6. First of all, I love the game and I love that you are making this into a topic
    Something to explore would be how John Marston uses the environment.
    9) Does John Marstons use of the animals represent an over-use of the animals?. The hunting aspect of the game allows the player to kill as many animals as they want and sell them for a profit.

  7. Posted by michaelmichaelsmith on October 28, 2011 at 9:37 pm

    While I have not played Red Dead Redemption, I think it has a value in being analyzed (and am curious if replay value will diminish with your extensive research). I think Q4 is your most interesting question. Video games are increasingly interactive and offer rich environments and dialogue, which often must be advised by historians and experts.

    Q10 – To what is extent is the language used for the in-game dialogue appropriate for the time period? Is the view of nature one that would be held by the characters of the time, or are their attitudes more reflective of a modern understanding of the environment?

  8. Posted by bharta1 on October 28, 2011 at 9:41 pm

    Very cool, just like graphic novels and comics, video games tend to get marginalized, yet they are becoming extremely powerful mediums for narratives and deserve study! I played the game a long time ago but do not remember much of it at all. However there are some good questions above and another one I would as is:

    “By being more interactive medium or having a more interactive hypermedia i.e. actual changes in realtime due to player, does this more involved level of interplay deliver a feeling of already attained nature because of its direct translation of hand/eye and avatar mobility, or what are the effects of this on video game gamers?”

    Also, “do these new ways of view nature use a pastoral ecology, portraying nature as a harmonious entity?”

  9. I think this is a very interesting question because you are incorporating a video game which is a popular form of entertainment and tying it to something we are studying in class, which makes it very relevant.
    Another question: In the popular games, such as Call of Duty or Halo, how is nature portrayed? Is nature even regarded as important or is it constantly destroyed?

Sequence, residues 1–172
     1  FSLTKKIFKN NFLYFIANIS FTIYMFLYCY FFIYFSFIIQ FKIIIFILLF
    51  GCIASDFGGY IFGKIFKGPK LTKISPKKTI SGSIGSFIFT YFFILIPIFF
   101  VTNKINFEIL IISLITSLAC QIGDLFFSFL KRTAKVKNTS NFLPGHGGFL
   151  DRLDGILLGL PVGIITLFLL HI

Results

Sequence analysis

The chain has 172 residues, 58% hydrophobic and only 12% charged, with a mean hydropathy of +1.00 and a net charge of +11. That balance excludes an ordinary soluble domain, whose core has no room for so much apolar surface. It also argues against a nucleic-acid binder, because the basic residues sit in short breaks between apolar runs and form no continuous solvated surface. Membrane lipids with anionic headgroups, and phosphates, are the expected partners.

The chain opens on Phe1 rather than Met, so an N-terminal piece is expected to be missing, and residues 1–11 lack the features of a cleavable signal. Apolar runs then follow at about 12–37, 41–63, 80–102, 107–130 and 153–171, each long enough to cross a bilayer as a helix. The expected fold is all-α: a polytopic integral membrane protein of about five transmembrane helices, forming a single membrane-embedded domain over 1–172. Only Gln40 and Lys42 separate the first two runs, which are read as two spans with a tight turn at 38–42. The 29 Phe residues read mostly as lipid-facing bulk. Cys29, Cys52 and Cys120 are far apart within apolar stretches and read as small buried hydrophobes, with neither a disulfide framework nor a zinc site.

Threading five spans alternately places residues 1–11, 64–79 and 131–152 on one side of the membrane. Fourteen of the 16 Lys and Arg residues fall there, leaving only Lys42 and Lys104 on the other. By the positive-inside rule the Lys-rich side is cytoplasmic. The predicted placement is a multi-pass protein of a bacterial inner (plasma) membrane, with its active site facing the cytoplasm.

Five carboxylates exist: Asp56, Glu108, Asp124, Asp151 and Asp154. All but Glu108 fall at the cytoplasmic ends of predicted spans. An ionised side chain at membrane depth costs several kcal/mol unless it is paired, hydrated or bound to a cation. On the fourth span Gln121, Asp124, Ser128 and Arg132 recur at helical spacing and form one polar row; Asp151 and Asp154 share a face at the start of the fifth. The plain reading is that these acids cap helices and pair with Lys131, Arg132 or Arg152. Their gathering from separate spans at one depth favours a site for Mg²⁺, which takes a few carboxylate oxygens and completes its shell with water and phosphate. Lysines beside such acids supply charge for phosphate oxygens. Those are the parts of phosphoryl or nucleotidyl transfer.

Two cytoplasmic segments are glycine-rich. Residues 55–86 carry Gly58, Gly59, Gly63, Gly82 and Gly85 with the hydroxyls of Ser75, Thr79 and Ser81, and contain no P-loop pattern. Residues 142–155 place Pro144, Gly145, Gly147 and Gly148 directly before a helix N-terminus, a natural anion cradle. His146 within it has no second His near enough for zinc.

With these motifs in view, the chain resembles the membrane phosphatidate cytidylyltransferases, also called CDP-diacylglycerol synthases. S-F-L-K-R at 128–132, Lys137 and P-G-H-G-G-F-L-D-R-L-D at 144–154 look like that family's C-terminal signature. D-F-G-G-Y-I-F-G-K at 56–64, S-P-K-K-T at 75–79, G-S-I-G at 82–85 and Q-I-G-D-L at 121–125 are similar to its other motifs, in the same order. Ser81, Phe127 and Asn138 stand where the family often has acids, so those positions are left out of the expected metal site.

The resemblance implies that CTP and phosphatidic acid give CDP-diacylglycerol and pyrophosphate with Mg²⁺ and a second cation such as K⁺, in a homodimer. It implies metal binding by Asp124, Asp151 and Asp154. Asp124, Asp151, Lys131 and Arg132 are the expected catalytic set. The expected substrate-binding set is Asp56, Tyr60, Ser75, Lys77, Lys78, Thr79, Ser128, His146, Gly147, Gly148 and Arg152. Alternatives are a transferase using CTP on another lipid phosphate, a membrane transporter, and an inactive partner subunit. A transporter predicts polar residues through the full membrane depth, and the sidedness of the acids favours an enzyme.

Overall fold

10. Reading this topic it immediately made me think of what videogames are compared to literature. There is a visual element which is infinitely more stimulating to, and less dependant on, the viewer. This is to say that instead of a verbal explanation of a shrub or a tree, the audience in a video game is given a tree. In this game in particular, the player is given nearly free reign over a region in the west. But, all of the imagery is being filtered through the artists and program writers. This is not to say that literature doesnt, to an extent, do the same thing. I just think it is harder to express reflexivity, be self aware as a subjective expressive form, when you are world building. Does the generation of a separate reality within the game differ from literary accounts of nature, to what extent is the author and game-maker world building?

  11. This is a really interesting topic. All of your questions are strong ones, though I am especially interested in 4 and 8. 4 is a significance-focused question that ties into our course’s main topic, and I think you can (and should) make an argument re: how this game values nature and its influence on the player. 8 is important because you should consider historical accuracy vs. myth, and why we are still so invested in historical myths of the American West (if you deem this game to fall into that category).

    To add another angle, I think you have an opportunity to do something interesting with nature and technology here, since players are experiencing simulated, technologically constructed nature; they virtually tame a horse rather than doing so in what most of us would consider reality, for example. I will leave it up to you how you may (or may not) want to use the words “natural” and “artificial” in this context, but the dualism should be a consideration. You may also want to read and consider Baudrillard’s “Simulacra and Simulation” in regard to this topic. There’s probably some cool eco-philosophical stuff on “virtual” or “artificial” nature as well.